Overall, I really enjoyed Cress. The story was well-paced and the character development was great. There were some twists and surprises and heartache. My only real complaint is that we didn’t get enough Scarlet. I would definitely recommend this book to those who have started the series and if you haven’t read this series – start it now!

Rating (out of 5)
Plot: 4
Characters: 4.75
Readability: 4.5
Enjoyability: 4.5
Overall Average: 4.44 stars

The Fiery Heart by Richelle Mead – 3 stars (out of 5)

The Fiery Heart (Bloodlines, #4)

Good Reads Synopsis:

In The Indigo Spell, Sydney was torn between the Alchemist way of life and what her heart and gut were telling her to do. And in one breathtaking moment that Richelle Mead fans will never forget, she made a decision that shocked even her. . . .

But the struggle isn’t over for Sydney. As she navigates the aftermath of her life-changing decision, she still finds herself pulled in too many directions at once. Her sister Zoe has arrived, and while Sydney longs to grow closer to her, there’s still so much she must keep secret. Working with Marcus has changed the way she views the Alchemists, and Sydney must tread a careful path as she harnesses her profound magical ability to undermine the way of life she was raised to defend. Consumed by passion and vengeance, Sydney struggles to keep her secret life under wraps as the threat of exposure—and re-education—looms larger than ever.

Pulses will race throughout this thrilling fourth installment in the New York Times bestselling Bloodlines series, where no secret is safe.

So. The Fiery Heart. I just don’t know. Sometimes I really enjoyed it. Sometimes I was just getting through it. I’m going to try to collect my thoughts.

-This is the first book in the series where we get multiple 1st person POV. The chapters alternate between Sydney and Adrian’s POV and I liked it. However, I felt like Adrian’s POV chapters could’ve been a little more Adrian. While I didn’t have trouble forgetting who’s POV we were in, they weren’t really that different. I expected Adrian’s head to be a little more funny and sarcastic than it was. His dialogue still had it, but I would’ve liked to have seen it in his thoughts. I also felt like this allowed more to be added to the story instead of just being stuck with Sydney the whole time.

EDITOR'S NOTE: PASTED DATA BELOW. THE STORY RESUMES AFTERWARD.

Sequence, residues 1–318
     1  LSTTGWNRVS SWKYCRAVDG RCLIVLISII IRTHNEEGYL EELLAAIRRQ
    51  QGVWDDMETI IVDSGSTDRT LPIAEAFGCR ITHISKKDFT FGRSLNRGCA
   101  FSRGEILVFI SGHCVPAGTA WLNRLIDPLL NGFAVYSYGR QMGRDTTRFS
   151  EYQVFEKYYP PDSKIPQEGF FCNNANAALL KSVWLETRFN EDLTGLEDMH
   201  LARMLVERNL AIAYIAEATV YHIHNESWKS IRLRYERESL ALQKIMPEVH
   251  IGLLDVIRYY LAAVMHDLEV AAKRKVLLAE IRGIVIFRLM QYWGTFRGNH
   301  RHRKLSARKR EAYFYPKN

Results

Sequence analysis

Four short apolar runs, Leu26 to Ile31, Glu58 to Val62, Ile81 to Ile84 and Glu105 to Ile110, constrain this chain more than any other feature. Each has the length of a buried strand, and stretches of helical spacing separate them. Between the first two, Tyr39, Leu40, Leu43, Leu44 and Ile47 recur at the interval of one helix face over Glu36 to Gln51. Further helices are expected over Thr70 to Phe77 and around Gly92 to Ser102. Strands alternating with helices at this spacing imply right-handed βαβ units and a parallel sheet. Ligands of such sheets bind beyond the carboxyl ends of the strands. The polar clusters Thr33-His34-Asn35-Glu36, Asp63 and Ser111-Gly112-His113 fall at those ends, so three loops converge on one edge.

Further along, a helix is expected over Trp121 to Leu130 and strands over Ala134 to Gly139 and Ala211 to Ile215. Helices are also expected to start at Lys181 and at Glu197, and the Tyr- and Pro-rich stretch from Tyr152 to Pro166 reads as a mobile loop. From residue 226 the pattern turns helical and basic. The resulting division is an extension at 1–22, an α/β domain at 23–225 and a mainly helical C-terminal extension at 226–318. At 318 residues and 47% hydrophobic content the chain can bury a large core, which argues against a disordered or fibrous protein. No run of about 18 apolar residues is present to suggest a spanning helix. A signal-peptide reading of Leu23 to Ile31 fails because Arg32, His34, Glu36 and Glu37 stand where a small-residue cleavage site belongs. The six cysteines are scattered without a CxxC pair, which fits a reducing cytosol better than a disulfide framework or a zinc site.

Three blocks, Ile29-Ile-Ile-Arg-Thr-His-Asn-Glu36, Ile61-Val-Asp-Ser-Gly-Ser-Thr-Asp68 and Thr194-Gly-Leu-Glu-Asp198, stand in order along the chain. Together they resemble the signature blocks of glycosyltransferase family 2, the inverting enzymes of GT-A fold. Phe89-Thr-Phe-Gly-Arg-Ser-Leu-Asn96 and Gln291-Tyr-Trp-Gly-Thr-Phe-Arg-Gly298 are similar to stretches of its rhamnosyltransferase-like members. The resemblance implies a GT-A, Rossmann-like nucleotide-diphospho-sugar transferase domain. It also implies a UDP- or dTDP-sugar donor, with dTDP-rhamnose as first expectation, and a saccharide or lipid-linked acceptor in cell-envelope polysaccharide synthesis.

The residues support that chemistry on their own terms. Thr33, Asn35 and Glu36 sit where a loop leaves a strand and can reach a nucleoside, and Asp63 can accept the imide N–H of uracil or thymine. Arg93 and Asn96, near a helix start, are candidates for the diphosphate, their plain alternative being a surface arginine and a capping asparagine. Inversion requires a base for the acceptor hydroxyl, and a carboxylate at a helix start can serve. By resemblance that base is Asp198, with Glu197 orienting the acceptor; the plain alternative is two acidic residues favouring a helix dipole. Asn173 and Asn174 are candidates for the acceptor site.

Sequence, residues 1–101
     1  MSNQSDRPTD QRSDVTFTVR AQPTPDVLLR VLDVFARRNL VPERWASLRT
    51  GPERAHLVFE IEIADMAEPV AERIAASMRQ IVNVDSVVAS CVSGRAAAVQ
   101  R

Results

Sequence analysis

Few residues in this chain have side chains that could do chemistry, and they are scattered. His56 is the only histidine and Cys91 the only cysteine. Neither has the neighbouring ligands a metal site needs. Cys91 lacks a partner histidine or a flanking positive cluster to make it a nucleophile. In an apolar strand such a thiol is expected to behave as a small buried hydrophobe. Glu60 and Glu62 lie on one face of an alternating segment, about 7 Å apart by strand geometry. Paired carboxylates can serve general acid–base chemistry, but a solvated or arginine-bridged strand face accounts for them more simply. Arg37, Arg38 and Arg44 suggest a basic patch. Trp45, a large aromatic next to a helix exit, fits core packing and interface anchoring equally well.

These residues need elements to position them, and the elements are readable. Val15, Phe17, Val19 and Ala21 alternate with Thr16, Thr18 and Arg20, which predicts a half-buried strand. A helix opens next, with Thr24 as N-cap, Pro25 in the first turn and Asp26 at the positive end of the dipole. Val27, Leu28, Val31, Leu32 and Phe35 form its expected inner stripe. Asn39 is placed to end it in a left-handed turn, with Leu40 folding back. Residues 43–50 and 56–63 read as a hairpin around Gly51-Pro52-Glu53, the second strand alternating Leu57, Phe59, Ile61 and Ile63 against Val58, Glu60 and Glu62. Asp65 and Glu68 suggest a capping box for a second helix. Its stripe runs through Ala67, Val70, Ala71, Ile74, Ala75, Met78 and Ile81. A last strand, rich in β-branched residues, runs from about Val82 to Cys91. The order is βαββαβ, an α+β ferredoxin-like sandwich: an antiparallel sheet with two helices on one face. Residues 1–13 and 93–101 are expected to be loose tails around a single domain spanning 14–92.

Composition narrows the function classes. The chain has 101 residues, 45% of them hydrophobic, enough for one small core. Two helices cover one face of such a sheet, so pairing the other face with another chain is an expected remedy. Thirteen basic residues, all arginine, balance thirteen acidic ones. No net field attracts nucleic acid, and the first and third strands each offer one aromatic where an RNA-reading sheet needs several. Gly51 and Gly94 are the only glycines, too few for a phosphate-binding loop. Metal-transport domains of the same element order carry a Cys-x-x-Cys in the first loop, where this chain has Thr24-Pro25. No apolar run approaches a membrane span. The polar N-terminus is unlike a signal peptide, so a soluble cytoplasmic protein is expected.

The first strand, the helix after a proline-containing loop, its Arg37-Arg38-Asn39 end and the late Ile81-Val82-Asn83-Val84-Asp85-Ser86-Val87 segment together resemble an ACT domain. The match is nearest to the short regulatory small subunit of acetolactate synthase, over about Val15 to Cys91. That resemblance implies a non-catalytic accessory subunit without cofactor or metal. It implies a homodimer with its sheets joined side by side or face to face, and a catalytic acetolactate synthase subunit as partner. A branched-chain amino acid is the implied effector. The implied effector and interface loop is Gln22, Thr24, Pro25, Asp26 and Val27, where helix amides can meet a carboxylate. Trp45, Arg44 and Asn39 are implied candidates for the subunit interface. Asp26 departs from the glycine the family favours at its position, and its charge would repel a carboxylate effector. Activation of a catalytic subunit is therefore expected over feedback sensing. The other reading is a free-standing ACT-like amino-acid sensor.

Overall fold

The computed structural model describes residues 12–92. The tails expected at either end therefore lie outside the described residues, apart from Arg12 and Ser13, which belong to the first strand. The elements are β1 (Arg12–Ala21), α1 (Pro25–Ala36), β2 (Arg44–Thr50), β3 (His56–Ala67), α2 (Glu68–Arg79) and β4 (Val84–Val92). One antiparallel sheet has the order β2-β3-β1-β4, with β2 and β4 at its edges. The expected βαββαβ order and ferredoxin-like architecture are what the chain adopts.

-We get to see a little of Lissa, Rose, Dimitri, and Christian from The Vampire Academy series, which I liked. I would’ve liked a little more, though. We finally get a little more Lissa, but Christian is still getting the shaft.

-There wasn’t a whole lot of development of secondary characters. I still despise Angeline. And I especially dislike that Trey is still into her. Trey was one of my favorite characters in the first couple of books, but he wasn’t given a lot of time in this book.

-Adrian and Sydney’s romance. What the book lacked in plot, it made up for in romance. Seriously. Not a lot happened in this book that didn’t involve them declaring their love and making out. And they took their relationship to the next level. I’ve said it before and I’ll say it again, I don’t think there should be that much sex in YA books.

-There were some developments with learning how to protect from Strigoi attacks and in making the special Alchemist tattoos for Marcus’ rebellion, but the biggest plot point in the story was Sydney and Adrian trying to keep their romance a secret from her sister, Zoe. Zoe was a poorly developed character and a poor villain, although she did turn out to be more of a threat than anyone really believed.

-The end left on a cliffhanger. Mead wrote in her Acknowledgments, “We’re in the middle of a series, so you know things are going to get rough for the characters, but hang in there! It’ll be worth it.” I read an interview where she compares the development of the series to the way The Vampire Academy developed. This does not give me a lot of hope for what happens next: the book where *VA SPOILER* Rose goes after Dimitri after he becomes a Strigoi and the whole time is spent with Rose pining away and NOTHING HAPPENS.

-Overall, I mostly enjoyed The Fiery Heart. I would recommend it to those who have already started the series. It was an easy, fluffy read with some sweet moments.

Spark by Brigid Kemmerer – 3.5 stars (out of 5)

Spark (Elemental, #2)

Synopsis from Good Reads: